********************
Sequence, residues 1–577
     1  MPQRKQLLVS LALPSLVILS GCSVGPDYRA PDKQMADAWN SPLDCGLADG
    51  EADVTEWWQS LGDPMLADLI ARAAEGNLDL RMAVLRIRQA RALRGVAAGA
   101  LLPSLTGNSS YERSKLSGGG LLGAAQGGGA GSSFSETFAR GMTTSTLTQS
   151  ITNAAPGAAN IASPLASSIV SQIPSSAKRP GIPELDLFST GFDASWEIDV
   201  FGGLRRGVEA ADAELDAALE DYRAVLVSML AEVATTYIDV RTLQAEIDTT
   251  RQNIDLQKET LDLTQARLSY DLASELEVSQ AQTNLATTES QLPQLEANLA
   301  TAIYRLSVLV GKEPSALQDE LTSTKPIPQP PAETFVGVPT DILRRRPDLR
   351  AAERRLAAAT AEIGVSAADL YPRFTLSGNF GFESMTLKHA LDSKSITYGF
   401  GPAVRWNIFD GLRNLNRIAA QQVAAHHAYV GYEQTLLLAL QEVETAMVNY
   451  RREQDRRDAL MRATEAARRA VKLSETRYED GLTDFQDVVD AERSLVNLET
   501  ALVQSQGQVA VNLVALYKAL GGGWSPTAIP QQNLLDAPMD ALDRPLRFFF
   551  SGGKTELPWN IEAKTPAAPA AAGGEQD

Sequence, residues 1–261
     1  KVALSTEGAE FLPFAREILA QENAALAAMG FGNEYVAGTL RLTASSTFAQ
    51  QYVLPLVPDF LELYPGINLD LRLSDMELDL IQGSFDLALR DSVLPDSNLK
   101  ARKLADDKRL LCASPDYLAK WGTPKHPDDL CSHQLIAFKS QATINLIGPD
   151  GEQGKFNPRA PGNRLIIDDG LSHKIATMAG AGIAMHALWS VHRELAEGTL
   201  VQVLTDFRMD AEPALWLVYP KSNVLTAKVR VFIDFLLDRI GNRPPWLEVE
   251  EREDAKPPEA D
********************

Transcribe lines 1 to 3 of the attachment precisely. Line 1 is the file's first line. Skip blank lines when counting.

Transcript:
Sequence, residues 1–577
     1  MPQRKQLLVS LALPSLVILS GCSVGPDYRA PDKQMADAWN SPLDCGLADG
    51  EADVTEWWQS LGDPMLADLI ARAAEGNLDL RMAVLRIRQA RALRGVAAGA